Update: Darren Dreger taps league sources to tell us almost nothing about the disciplinary hearing for Burrows. We do learn that “some inside the NHL’s head offices, at times, have seen a dark side, and a player whose on-ice motives haven’t always been pure.” What on earth is this supposed to mean?

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6 Responses to “Burrows and Auger”
  1. Dennis_Prouse says:

    No disciplinary action for Auger, apparently, but rather a reminder from Terry Gregson that talking to the players pre-game isn’t a very good idea. As for Burrows, he gets an insigificant $2500 fine. That sound you hear is the NHL’s broom sweeping this whole messy business under the rug.

  2. Sean Kaye says:

    Why do Canucks fans always feel that that they are being so hard done by? Everything is a conspiracy.

    Burrows is a cheat and a liar – that’s nothing to do with this most recent incident, that’s his history. He dives repeatedly, he feigns injury and his slur about Shane Doan was just sad.

    Conversely, Auger is a run-of-the-mill referee who’s unspectacular.

    McKenzie’s blog is a joke – circumstantial evidence is just that, circumstantial, it really isn’t proof at all. Referees talk to players ALL THE TIME during warm-ups. The whole concept that just because Burrows spun a good tale implies it is true because there is “considerable detail” is madness. Finally, when you’re assessing who’s more creditable as a witness, their prior history plays a very large role in believability.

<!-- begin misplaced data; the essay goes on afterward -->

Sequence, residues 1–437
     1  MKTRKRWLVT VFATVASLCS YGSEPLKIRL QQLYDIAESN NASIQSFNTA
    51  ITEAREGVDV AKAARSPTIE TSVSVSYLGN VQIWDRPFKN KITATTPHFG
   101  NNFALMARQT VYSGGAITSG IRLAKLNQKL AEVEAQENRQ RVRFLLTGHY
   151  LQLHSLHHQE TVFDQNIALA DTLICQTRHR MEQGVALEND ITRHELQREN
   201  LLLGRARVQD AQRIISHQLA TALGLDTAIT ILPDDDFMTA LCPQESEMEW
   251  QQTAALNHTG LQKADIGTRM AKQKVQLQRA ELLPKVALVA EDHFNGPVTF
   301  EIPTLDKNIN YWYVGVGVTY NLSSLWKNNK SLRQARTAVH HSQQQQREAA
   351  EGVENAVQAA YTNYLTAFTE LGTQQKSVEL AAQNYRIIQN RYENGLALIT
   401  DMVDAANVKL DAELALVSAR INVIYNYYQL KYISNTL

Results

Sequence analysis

As for the penalties: the first one, Burrows WAS holding the other player’s stick, calling it Diving, who cares, it was a penalty. The second penalty was a bit of a joke, bad call. The misconduct penalty, totally justified, every player is taught at a young age that you don’t get to abuse the official, no matter what. So now, a referee makes a bad call and there is a grand conspiracy? Come on!

    Scott Morrison has a much better blog post about this on the CBC. Burrows is a cheater – end of discussion. Until he stops diving, faking injuries and making his opponents and the referees look bad, he loses the benefit of the doubt. Why? Because he’s a known cheater.

    Sometimes, these things are just karma. What goes around, comes around. Burrows has slandered credible players, he’s acted like a pork chop to draw penalties on clean hits, he’s taken a fair few dives and has rolled around the ice an awful lot. To think that should go unchecked is nonsense. Perhaps like Morrison suggests, if one of the senior players on the Canucks had sat him down and told him the diving and other crap was no longer tolerated, then maybe it wouldn’t have come to this – instead, nobody in Vancouver showed any leadership with this guy and tried to remove from his repetoire what is effectively a blight on the game. Now they cry foul. Its all unfair. Drawing penalties on dives and feigned injuries isn’t fair, it costs other teams games. Get over it.